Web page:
The U.S. Coinage Act of 1965 was enacted in reaction to the dual developments of a rising silver price and the devaluation of the U.S. dollar. It eliminated silver from circulating dimes and quarters and reduced the silver purity of half dollars from 90 percent to 40 percent.
The Act also authorized the Mint to continue production of 90 percent silver coins for up to five years, if in the judgment of the Secretary of the Treasury, there was not sufficient quantities of dimes, quarters and half dollars struck in the new alloys. Some 90 percent silver coins were struck into 1966, though they all were dated 1964.
Additional provisions prohibited the minting of silver dollars for five years, allowed the Treasury Secretary an exemption from procurement laws with respect to purchasing adequate supplies of copper and nickel and established a joint commission to make future recommendations for coins and currency.
Another major part of the law was that it made all coins and currency of the United States, including some bank issues, legal tender. Among other things, this reversed the 1876 demonetization of the Trade dollar. However, the largest impact of this provision is that it required Americans to accept the non-silver dimes and quarters, and later half dollars as payment for any financial obligations, public or private.
Along with other laws, the Coinage Act of 1965 was a major step at eliminating precious metals from payments made by Americans.
Now even the current non-precious metal coins and currency are becoming obsolete. The latest information I see is that Americans pay for 93 percent of transactions by check, credit and debit cards, automated clearinghouse (ACH) bank transactions and the like. People have arranged for direct deposit of their incoming payments such as Social Security and payroll and have arranged to make many automatic payments, all done through keystrokes on a computer.
Beyond that, the use of coins and currency is diminishing because of the means by which people purchase goods and services. Online transaction payments primarily mean the use of credit or debit cards or payment systems such as Paypal, where paying by cash is impractical.
Even banks are getting into the cashless mode. Already, JPMorgan Chase and other banks are prohibiting or limiting the number deposits and withdrawals of coins and currency. As an example, Chase will not accept any coins or currency as payment for mortgages and other debt. Many banks and credit unions will no longer accept rolled coinage in deposits or charge a fee for doing so.
Many landlords no longer accept cash for rental payments, as they want payments going through the financial system as proof of transactions. I have been in several cities where the parking meters and parking structures take credit cards for payment – some as the exclusive option.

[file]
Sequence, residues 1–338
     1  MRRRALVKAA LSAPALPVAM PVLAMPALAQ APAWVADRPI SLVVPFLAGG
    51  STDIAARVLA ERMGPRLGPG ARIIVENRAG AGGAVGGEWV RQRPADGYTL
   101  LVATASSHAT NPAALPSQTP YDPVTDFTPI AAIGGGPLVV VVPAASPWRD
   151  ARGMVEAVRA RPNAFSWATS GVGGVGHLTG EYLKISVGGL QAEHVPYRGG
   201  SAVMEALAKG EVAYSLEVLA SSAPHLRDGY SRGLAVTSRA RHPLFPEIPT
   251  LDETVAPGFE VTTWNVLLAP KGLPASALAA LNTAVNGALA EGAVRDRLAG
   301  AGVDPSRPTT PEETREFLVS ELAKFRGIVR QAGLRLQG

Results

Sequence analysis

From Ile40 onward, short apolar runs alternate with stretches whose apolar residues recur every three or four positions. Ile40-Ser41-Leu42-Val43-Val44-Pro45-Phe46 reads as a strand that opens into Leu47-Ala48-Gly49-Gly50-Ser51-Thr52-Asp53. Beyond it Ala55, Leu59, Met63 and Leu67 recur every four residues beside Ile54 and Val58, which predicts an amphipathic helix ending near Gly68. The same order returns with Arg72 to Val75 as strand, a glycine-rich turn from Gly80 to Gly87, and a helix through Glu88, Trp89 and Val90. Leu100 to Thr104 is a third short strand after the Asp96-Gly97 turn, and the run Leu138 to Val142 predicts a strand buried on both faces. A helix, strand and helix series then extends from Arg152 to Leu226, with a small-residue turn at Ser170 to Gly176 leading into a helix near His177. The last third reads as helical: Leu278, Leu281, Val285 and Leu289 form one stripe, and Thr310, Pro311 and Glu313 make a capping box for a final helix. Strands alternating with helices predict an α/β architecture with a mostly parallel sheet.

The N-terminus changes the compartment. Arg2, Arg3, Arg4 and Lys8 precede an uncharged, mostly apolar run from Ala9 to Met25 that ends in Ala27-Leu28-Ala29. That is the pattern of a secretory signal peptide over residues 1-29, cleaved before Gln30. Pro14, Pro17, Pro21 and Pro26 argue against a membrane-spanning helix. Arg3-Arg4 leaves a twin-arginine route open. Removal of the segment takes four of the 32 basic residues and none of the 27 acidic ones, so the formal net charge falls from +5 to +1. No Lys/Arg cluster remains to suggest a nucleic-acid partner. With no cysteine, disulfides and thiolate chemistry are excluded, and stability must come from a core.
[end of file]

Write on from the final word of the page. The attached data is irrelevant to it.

In my youngest daughter’s high school, you cannot use cash to pay for lunch. Instead, you make a deposit to your account in the office, with the value loaded onto your student identification card to use for food and drink payments. The meal plan for the university my son will attend in the fall includes $250 per semester loaded onto student identification cards.
Back in the mid-1970s I did not have a checking account or any credit cards. I finally opened a store credit card to purchase a piece of furniture when I did not have enough cash to pay in full up front. I even purchased multiple vehicles in the 1970s and 1980s for cash.
Today, like many people, I rarely spend coins or currency. In my day-to-day transactions, I make extensive use of prepaid gift cards, which earn tuition credits, or pay by credit cards to take advantage of the reward programs. Now Apple and other companies are coming out with payment systems that would eliminate the need to pull out a physical credit or debit card.
On the regulatory side, the Federal Bureau of Investigation has issued alerts to businesses to consider customers paying in coin and currency as suspected terrorists (see http://shadesofthomaspaine.blogexec.com/index.php/easyblog/entry/complete-post-of-fbi-terrorist-watchlist-pamphlets).
The use of coins and currency to make payments provide a degree of privacy for people. Unfortunately, handling cash is becoming inconvenient for businesses and other entities. Further, the U.S. government is reducing financial privacy over time.
Will it ever happen that coins and currency will disappear?
Current trends point in that direction.
Note on U.S. 90 percent silver coin: In the past few weeks, premiums on U.S. 90 percent silver coins have increased about 20-25 cents per ounce relative to the spot price. This has been a gradual shift, occurring on days when the spot price increases and on days when it falls. The premium on 90 percent silver coin is high enough that refiners can no longer afford to melt it, restricting physical supplies. While this is not, by itself, a sign of a developing shortage of physical silver, please keep tabs on this trend in the coming months.
Patrick A. Heller was the American Numismatic Association 2012 Harry Forman Numismatic Dealer of the Year Award winner. He is the owner emeritus and communications officer of Liberty Coin Service in Lansing, Mich., and writes “Liberty’s Outlook,” a monthly newsletter on rare coins and precious metals subjects. Past newsletter issues can be viewed at http://www.libertycoinservice.com. Other commentaries are available at Coin Week (http://www.coinweek.com). He also writes a bi-monthly column on collectibles for “The Greater Lansing Business Monthly” (http://www.lansingbusinessmonthly.com/articles/department-columns). His Numismatic Literary Guild award-winning radio show “Things You ‘Know’ That Just Aren’t So, And Important News You Need To Know” can be heard at 8:45 a.m. Wednesday and Friday mornings on 1320-AM WILS in Lansing (which streams live and becomes part of the audio and text archives posted at http://www.1320wils.com).